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DR.JOB Q and A:Military Folks Also Need Financial Help


Q.1 I JOINED THE SERVICE many years ago so I wouldn't have to worry about anything and could let my government take care of me. Now I have a family and make a decent salary (although not compared to civilians) and I'm nearing the time when I should start thinking about my retirement, which is early in the military. Now I'm worried about where the money is going to come from. Is it possible for a lowly serviceman to use professional money managers too?  I don't think we're in the "heavy hitter" group that most of them want to deal with.

(ANS.)  YOU DON'T HAVE TO BE a "heavy hitter" to employ a professional to manage your money. In fact, a recent survey from the First Command Financial Behaviors Index showed that 83 percent of middle-class military families (in pay grades with household incomes of at least $50,000) work with a financial planer and say they trust them. In fact, more than 57 percent of service members who worked with advisors at least three years feel confident in their ability to work comfortably, 47 percent who worked with an advisor less than three years, and 30 percent who have no advisor feel the same. It's often a worthwhile expense for military and non-military people to use these experts.

(Q.2) SOME DAYS I GET THE FEELING I'M WORKING FOR the mob and the Sopranos are about to burst into the office. There's a feeling that we really have to fear those guys in the front office who make the rules, and some of those rules are just nuts. Nothing is written down, everything's a secret, and no one talks about them even after they leave. In fact, I'm writing this on my girlfriend's computer with a new fake email name and address. I know they're not REALLY part of the mob, so I haven't quit because they really pay a lot of money and I've sold out for that. Should I?

(ANS) THAT DECISION IS UP TO YOU, but you have clearly described what Albert J. Bernstein, author of Emotional Vampires at Work: Dealing with Bosses and Coworkers Who Drain You Dry, names an "antisocial office culture." Other symptoms he includes are encouraging you to do something illegal, such as falsifying information to make a sale, or cooking the books. No one tells you to lie or cheat, but it's implied and YOU are the one who'll take the fall. Also, it's clear that if someone asks you to do something you do it without asking any questions even if you have some. No one can force you to pleasantly arrange to find another job, stay on good terms-- and get out of there now. But it's a plan.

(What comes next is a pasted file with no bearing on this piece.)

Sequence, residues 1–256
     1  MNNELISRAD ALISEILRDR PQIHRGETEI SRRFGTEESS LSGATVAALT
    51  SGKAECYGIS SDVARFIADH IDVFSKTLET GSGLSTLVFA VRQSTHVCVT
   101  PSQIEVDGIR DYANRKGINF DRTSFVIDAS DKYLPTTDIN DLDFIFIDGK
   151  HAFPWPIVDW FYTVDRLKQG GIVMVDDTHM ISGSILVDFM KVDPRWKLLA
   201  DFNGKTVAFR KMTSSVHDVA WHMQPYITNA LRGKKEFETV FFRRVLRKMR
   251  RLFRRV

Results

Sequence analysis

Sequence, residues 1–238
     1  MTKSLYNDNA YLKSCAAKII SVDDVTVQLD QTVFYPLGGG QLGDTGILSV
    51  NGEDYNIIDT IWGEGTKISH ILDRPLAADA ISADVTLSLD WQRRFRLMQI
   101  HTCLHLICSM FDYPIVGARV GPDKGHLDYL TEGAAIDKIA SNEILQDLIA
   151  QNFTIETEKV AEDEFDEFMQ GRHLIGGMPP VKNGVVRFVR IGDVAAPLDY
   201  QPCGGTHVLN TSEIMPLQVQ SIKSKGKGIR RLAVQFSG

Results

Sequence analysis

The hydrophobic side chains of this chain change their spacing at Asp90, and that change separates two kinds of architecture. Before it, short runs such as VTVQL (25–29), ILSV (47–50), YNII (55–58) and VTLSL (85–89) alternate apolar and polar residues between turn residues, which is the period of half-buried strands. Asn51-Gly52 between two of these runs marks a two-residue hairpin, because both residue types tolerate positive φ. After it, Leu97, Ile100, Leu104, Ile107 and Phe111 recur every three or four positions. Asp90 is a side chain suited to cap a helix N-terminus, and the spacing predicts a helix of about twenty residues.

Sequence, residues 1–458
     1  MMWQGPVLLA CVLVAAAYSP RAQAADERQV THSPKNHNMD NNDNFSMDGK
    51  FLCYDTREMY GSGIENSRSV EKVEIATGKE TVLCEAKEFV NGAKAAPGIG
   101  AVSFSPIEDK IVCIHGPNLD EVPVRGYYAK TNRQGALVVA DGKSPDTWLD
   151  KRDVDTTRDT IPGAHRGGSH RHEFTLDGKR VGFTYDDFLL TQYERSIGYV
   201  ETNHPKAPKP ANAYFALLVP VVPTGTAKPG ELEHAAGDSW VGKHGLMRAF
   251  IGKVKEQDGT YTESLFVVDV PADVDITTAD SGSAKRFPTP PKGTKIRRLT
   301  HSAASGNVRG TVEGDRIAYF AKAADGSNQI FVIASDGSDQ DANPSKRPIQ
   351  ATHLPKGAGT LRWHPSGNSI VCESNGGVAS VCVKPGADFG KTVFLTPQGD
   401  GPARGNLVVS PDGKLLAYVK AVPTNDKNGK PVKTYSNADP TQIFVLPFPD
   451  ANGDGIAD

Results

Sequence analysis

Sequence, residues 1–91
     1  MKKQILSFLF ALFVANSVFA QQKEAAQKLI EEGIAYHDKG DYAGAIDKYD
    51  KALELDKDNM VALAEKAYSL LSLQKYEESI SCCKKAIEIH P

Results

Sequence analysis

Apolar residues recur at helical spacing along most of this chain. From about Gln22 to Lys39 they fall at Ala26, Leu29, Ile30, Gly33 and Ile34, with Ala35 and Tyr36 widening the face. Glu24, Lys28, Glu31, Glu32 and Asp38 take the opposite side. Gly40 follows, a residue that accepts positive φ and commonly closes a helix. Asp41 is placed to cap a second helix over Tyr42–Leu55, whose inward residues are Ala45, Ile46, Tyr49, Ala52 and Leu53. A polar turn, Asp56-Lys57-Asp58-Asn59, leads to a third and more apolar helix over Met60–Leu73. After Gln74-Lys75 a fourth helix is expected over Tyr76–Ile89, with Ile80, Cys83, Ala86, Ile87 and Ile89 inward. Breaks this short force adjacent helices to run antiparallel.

(Q.3) I KEEP HEARING EVERYONE SHOULD have a network but as a woman middle manager, I don't see any around for me to join. I do go to industry meetings, conventions, etc. and hand out cards, but I don't have circles of helpful professionals I can go to for help. Any suggestions?

(ANS) START ONE OF YOUR OWN. Pamela Ryckman, author of Stiletto Network reports women in your position are starting to form salons, organizing dinners and meeting over drinks with the purpose of supporting and advancing women, including themselves. You don't need to be famous, she contends. Start uniting and steering each other toward promotions and opportunities. Draw women with diverse skills from a variety of industries. Once you bring them together, take walks, talk, share dinner, and things will happen. Also strike a balance between personal and professional networks. Mix fun with purpose and bring in guest speakers, or share the podiums yourselves to share ideas and tips. Like most things-good stuff doesn't just happen. You must create the right atmosphere.

(Q.4.) I WAS DIAGNOSED WITH Attention Deficit Disorder, or A.D.D, while in middle school and have struggled to overcome the roadblocks it causes all my life. Now I'm working in a profession I love and find it's even harder to stay on point. I have a schedule of unfinished work and procrastinate all the time. I can't work until the final pressure is on m. My workplace and home closet are messes with no organization. I work on projects until they're perfect-which means they never end. My boss is very sympathetic, but I want to do better.

(ANS.)  YOU MAY BE SURPRISED to learn there are thousands of people just like you and Blythe Grossberg, author of Making A-D-D Work, contends you all can work with and around those "roadblocks." There are skills you can actually develop to stay organized, or bring in an assistant to help with that. Be sure you're in the right environment, and start to consider your strengths. On that plus side, you may be the one who comes up with the ideas no one else thinks of, and you probably can focus on things that interest you for hours without needing to look at a clock or stop for lunch. Also, you can marshal unbounded energy for projects when others are wearing down, and you can probably jump into something without planning and function very well. It would be wise to have a "sit down" with your supervisor and explain your A.D.D. diagnosis, showing both its pros and cons. Ask for support and patience and you should get it. If not, get a job where you will.







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